Kasumpti/Kullu: In the political landscape of Himachal Pradesh, royals still hold a mighty sway on the hearts of voters and trying to cash on it the Congress has fielded a fair share of royals in its list of contestants in the hope of wresting power from BJP.
The saffron brigade on its part is playing the "aam aadmi" plank against Congress` royal challenge considering five out of six scions of erstwhile princely estates in the race for November 4 elections hail from Congress.
Led by Chief Minister Prem Kumar Dhumal and his MP son Anurag Thakur, top BJP leaders have pitched the electoral battle in the state as one between "rajas" and "aam aadmi".
They are heard in rallies slamming the Congress for continued dependence on royals for victory.
"While Prem Kumar Dhumal is the son of a farmer, the Congress needs `rajas` like Virbhadra Singh to win elections? Anurag Thakur says, addressing people across Himachal and directly attacking State Congress Chief Virbhadra, former ruler of Rampur Bushahr family and ace royal in the fray from Shimla Rural constituency.
The BJP is represented in this newly carved segment by commoner Ishwar Singh Rohal, Chairman of the Shimla Block Development Committee.
While the royals are roughing it out on the roads of Himachal away from the comforts of their palaces ahead of the D-Day, the BJP is seen cautioning voters against "feudal submission" to Congress? "princely" candidates led by Virbhadra.
The latter is hoping to create history by beating YS Parmar as the longest serving CM of Himachal. Parmar has been CM for one more year than Virbhadra.
While Shimla Rural has no royal challenger to counter Virbhadra, Kasumpti segment of Shimla district is witnessing the literal "battle royale". Here one erstwhile "king" Congress’ Anirudh Singh from Koti royal estate is pitted against another erstwhile "queen" Jyoti Sen of Keonthal royalty, an independent.
The battle in Kasumpti has turned into a matter of prestige for the two families and the locals who owe their allegiance to the respective royalties.
Even more interesting is the fact that Jyoti Sen, challenging the Congress here, is the sister-in-law of Virbhadra`s wife Pratibha Singh, former MP from Mandi, who was hoping to contest herself from Kasumpti but was denied the party ticket.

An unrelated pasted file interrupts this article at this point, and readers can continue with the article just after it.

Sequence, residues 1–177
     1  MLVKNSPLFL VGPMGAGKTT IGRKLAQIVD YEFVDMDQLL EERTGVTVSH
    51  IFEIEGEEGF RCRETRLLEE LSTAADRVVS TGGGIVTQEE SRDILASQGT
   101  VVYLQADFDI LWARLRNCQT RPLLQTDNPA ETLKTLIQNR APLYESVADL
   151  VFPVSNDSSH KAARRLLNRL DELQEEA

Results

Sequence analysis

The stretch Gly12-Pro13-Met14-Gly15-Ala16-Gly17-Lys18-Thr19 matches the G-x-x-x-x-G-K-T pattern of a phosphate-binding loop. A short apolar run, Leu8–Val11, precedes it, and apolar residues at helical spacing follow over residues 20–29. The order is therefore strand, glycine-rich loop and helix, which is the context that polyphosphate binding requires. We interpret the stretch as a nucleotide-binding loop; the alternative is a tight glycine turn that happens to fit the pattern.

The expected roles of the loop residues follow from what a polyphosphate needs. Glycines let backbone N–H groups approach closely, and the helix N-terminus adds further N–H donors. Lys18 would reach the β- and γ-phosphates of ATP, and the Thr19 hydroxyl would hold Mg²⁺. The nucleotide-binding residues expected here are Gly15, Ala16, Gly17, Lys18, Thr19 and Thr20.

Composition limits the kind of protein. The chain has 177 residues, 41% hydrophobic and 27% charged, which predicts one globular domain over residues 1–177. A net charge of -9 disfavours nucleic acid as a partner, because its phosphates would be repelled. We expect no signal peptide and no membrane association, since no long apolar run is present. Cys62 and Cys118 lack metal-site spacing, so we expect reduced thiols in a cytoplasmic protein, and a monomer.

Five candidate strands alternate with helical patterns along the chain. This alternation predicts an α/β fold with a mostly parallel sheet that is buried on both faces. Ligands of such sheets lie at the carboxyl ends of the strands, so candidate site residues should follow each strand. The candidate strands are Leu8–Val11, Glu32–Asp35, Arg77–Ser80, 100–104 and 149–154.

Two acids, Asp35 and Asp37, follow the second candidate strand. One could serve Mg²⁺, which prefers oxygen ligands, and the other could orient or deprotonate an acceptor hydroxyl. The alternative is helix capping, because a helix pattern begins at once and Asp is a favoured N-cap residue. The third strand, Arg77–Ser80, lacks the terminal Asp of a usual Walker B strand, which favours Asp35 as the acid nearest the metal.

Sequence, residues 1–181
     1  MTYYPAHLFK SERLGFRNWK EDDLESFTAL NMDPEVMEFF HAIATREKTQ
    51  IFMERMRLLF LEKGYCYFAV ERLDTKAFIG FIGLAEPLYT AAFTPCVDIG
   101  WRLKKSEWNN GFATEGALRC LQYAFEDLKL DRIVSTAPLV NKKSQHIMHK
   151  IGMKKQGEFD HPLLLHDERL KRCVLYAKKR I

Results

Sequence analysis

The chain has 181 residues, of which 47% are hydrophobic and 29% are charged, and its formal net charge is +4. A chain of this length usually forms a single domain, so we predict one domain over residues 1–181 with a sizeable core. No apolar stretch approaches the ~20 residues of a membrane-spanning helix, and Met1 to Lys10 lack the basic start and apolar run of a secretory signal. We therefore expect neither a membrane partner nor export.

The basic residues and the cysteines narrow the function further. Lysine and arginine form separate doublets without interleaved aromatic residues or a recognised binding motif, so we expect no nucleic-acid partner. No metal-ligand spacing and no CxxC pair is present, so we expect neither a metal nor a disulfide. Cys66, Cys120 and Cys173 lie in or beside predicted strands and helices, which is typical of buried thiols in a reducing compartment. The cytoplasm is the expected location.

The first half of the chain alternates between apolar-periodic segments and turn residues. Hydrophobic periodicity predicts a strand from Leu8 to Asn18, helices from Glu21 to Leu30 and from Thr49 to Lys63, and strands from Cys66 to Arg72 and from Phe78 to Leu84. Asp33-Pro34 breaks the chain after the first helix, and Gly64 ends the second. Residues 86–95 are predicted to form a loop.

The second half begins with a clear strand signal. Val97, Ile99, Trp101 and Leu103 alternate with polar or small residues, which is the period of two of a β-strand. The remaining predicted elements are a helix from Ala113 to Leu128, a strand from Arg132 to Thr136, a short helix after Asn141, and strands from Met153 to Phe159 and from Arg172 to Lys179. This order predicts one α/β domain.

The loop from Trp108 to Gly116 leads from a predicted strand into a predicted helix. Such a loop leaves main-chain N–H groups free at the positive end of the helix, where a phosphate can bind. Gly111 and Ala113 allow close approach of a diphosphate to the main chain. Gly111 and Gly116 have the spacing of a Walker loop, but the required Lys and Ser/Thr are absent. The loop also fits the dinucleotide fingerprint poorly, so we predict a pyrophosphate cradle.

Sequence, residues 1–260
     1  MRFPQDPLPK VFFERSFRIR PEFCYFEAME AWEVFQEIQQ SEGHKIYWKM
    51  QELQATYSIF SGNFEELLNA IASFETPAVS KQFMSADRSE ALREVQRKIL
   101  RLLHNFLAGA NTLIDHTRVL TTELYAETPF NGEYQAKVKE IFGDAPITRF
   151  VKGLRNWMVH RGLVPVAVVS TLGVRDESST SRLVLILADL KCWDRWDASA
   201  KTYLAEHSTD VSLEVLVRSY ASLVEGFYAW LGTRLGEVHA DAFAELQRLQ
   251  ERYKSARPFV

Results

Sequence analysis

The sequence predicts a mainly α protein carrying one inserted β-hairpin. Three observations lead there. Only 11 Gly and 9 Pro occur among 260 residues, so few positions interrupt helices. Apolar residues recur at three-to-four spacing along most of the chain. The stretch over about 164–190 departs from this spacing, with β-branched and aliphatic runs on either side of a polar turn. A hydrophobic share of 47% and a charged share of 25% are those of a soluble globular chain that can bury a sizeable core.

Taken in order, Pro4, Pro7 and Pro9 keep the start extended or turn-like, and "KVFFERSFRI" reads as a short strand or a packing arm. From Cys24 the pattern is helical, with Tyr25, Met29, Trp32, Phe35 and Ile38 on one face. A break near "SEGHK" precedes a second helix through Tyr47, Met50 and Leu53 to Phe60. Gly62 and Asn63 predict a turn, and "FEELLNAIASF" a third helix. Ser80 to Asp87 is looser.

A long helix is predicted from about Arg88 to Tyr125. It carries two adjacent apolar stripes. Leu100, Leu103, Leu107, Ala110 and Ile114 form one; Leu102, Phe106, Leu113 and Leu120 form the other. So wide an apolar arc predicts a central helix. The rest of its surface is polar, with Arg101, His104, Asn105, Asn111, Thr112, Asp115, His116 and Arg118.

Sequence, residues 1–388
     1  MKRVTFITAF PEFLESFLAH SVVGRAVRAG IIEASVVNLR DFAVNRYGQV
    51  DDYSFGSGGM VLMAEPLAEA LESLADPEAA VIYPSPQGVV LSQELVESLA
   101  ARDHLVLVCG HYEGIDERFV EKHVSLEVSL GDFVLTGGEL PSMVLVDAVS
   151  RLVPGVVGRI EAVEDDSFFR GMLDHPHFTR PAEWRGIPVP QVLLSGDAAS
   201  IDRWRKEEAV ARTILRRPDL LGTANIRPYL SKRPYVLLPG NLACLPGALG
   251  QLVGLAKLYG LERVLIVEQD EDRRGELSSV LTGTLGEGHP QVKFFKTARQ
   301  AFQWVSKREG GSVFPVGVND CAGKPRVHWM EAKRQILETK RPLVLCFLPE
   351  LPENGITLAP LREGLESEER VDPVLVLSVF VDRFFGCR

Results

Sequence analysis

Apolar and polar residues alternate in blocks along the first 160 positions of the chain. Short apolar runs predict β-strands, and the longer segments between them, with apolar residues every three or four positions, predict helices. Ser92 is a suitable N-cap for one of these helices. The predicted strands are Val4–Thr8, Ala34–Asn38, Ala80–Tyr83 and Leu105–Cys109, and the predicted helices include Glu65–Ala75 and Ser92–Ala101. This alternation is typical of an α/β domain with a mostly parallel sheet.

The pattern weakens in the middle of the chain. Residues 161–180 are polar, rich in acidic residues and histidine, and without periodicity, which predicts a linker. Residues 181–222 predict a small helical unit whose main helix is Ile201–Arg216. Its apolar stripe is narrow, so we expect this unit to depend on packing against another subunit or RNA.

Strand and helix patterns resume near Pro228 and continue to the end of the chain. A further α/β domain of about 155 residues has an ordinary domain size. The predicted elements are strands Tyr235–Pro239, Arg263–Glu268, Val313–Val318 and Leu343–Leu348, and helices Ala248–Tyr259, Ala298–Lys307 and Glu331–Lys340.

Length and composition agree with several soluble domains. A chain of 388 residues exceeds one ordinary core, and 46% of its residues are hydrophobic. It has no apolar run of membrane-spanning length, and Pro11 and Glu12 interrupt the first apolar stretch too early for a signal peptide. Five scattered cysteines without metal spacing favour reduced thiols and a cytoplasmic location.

The ticket went instead to youngster Anirudh Singh, currently Shimla Zila Parishad Chairman.
Jyoti Sen, who was also seeking the Congress ticket from Kasumpti, is the daughter-in-law of former Keonthal ruler Hitender Sen.
Speaking to reporters, Pratibha Singh said, "All my efforts to persuade Jyoti to withdraw in Congress` favour have failed."
In another corner, Maheshwar Singh, the descendant of Kullu royal family, is in the race from Kullu assembly seat while his BJP rival is another commoner Ram Singh, a Scheduled Caste.
President of BJP`s breakaway group Himachal Lokhit Party, Maheshwar Singh has twice been BJP state president and MLA starting in 1977 at a young age of 26. He later became Lok Sabha member thrice on the BJP ticket and Rajya Sabha member once.
While Maheshwar is a potential BJP rebel in Kullu, his younger brother Karan Singh, another royal, is contesting from Banjar constituency on the Congress ticket. His BJP challenger is the sitting MLA Khimi Ram, formerly a JBT teacher.
Karan Singh made his political debut in 1990 on a BJP ticket and was education minister in the Dhumal Government. He contested assembly on the BSP ticket in 2007 after being denied a BJP ticket. This time he has dumped the BSP for the Congress which he joined in 2009.
Another "royalty" versus "commoner" battle is on in Dalhousie where AICC secretary Asha Kumari, married into Himachal`s Chamba royal family, is contesting against BJP?s sitting MLA Renu Chadha, former head of the Dalhousie Municipal Council.
"We have fielded commoners wherever possible and they will give a mighty fight to Congress? royal brigade," says Anurag Thakur.
Interestingly, Kumari had easy victories till the time Renu Chadha, formerly from the Congress, had not joined the BJP and started challenging her old colleague.
Asha Kumari won assembly polls thrice in 1993, 1998 and 2003 and this time around has complete support of fellow royal Virbhadra, who addresses her as his "daughter" in rallies.
While political parties are playing their own games in the run up to polls, voters in the state admit that feudal systems still have deep roots in the remote corners and interiors of the state, and the royalty does matter.